With the Battlecruiser badly hit and HMS Gloucester out of action, the British commander decided to disengage and let the Germans escape. Souchon, unwilling to risk more than necessary, continued south and escaped the British.


Decisive German victory! With barely a scratch on his ships and at full speed, Souchon left a crippled British Battlecruiser limping back to Malta. The British public is shocked about the resounding defeat and the British Admiralty starts an investigation into the reasons for the defeat.

Post-Battle Analysis

When I set up this scenario, I thought the Germans would have a hard time against a superior British fleet. However, the German Battlecruiser design has proven to be more effective than the British. Granted, the English made some mistakes in turning their Cruiser Squadron north, where they could be outmaneuvered and left behind, which left them effectively out of battle, but in the end the decisive factor in the battle was the lack of British heavy armor and the survivability of the German ship. The British can only lose when confining the battle to such a duel. Their leverage to win this scenario is the light Cruiser Breslau, which must be separated from its big brother or brought down by the heavy guns of the Indomitable.
Furthermore, the British cruisers should probably be used in an aggressive manner to close the distance quickly and unleash their smaller main calibres on closer distance. Their numerical advantage enables them to overwhelm the gunnery of the Göben, as they can only pick one target at a time and will not easily penetrate the armored Cruisers defenses with their secondary guns.

All in all, contrary to my expectatios, this scenario is more difficult for the British than it is for the Germans, and it is perfectly understandable why such a fight was avoided by the real commanders - and why three Battlecruisers where dispatched to destroy Göben. It´s a powerful ship that can take quite some pounding!

I´m pondering if I should add a Destroyer Flotilla to the British Order of Battle, to make things more interesting and give the British some more options with Torpedoes. 

And sorry for the bad images, I wasn´t able to use the original pictures of the Battle as it didn´t occur on a blue surface, I´m still looking for some cheap blue cloth.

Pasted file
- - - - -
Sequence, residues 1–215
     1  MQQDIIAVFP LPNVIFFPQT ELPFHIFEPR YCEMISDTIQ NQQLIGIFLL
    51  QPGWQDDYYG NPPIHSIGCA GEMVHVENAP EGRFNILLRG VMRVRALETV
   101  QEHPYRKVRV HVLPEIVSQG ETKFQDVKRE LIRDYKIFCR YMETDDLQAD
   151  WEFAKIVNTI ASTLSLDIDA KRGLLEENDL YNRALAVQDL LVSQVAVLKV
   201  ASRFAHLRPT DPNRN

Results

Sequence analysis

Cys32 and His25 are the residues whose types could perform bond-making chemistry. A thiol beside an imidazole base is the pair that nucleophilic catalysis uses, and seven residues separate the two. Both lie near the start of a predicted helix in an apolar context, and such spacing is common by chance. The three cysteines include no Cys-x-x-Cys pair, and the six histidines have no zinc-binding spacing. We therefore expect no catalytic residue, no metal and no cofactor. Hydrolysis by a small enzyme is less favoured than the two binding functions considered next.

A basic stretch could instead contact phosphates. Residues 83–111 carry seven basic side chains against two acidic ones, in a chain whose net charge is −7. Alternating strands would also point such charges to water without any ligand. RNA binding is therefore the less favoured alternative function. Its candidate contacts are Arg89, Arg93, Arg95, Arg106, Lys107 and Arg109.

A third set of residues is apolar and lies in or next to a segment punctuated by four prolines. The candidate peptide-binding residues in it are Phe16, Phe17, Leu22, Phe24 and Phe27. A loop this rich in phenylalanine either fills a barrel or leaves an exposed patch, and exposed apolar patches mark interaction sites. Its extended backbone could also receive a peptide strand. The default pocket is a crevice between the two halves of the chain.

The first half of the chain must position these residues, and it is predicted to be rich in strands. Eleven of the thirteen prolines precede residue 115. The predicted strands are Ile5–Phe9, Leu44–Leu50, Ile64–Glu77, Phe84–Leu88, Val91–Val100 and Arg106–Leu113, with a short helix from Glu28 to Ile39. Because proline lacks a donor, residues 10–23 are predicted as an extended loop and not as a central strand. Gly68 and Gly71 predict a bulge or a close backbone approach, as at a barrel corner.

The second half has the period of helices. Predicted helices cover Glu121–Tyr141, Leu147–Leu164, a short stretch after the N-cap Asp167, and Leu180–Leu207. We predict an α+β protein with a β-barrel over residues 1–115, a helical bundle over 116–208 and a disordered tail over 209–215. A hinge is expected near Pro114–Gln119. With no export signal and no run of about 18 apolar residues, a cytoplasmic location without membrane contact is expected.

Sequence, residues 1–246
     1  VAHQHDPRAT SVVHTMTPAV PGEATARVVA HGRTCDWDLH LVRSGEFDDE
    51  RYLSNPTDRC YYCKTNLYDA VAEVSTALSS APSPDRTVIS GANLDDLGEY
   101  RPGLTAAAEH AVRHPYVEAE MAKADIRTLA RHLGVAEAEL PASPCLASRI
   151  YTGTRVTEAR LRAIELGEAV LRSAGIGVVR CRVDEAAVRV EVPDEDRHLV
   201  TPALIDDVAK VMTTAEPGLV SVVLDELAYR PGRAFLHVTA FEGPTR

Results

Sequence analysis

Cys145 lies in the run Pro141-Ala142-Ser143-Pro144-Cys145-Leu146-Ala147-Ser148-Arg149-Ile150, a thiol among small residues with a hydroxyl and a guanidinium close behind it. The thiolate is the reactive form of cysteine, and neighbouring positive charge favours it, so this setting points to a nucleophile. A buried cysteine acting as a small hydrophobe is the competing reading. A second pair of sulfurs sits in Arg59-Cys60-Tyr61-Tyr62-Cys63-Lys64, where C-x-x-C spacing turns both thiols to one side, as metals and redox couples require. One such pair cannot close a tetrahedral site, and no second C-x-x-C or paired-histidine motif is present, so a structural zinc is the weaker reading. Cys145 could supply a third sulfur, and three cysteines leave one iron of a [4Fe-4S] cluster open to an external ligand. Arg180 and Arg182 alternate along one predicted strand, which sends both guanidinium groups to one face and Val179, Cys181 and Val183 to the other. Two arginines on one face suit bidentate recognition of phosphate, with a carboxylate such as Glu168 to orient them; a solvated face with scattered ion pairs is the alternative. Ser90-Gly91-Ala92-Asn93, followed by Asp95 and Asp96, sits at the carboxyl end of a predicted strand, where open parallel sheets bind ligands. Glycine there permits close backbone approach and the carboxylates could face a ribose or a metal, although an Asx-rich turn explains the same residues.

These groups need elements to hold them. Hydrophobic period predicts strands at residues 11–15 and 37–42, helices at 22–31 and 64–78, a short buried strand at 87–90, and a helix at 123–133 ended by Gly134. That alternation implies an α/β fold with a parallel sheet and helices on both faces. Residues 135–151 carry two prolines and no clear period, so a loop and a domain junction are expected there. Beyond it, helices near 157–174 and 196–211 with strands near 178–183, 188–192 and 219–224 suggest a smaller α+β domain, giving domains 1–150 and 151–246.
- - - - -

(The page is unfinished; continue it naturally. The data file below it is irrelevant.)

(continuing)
Tuesday, 19 November 2013

Royal Navy - Mediterranean Fleet

It´s raining outside and my plans to prime the Regina Marina have gone moot. So I decided to take some pictures of the British Mediterranean Fleet of 1914 (without bases yet, still gathering raw material).  No Destroyers yet, still working on them.

The Mediterranean Fleet of 1914 consisted of a detachment of cruisers, with three Battlecruisers - HMS Inflexible, HMS Indomitable (both "Invincible"-Class) and HMS Indefatigable ("Indefatigable"-Class) - forming the backbone of the fleet detachment.

The heavily armed battlecruisers where supported by the 1st Cruiser Squadron, fielding two Duke of Edingburgh-Class Armored Cruisers (HMS Black Prince and HMS Duke of Edinburgh), one Minotaur-Class Cruiser (HMS Defense) and one Warrior-Class Cruiser (HMS Warrior).

To save money, I´ve replaced the Warrior-class ship with another Minotaur-class Cruiser, as these came in the same package as the Duke of Edinburghs. I´d have to order another 4 Warrior-class cruisers to add a single one to my fleet, and chose to substitute...

For scouting, patrol, screening and actions against smaller ships, the British also had 4 Light Cruisers in their fleet - HMS Chatham, Dublin, Gloucester and Weymouth - all of very similar design (Town-class cruisers) but with some changes. Again, I substituted HMS Gloucester, which is a Bristol-class Cruiser, with another Chatham-class (might switch it for a Weymouth-class later, don´t know yet)  - again, I didn´t want to buy another 4 or 5 Bristols just for one ship.

That´s essentially the force you see above. The British had 16 Destroyers to operate with this group, which I´ll put into two destroyer squadrons (probably represented by 4 ships) to use with Naval Thunder. This time, I actually failed in my effort to save, as I ordered all 16 Destroyers instead of only 1 pack of 8... Yeah...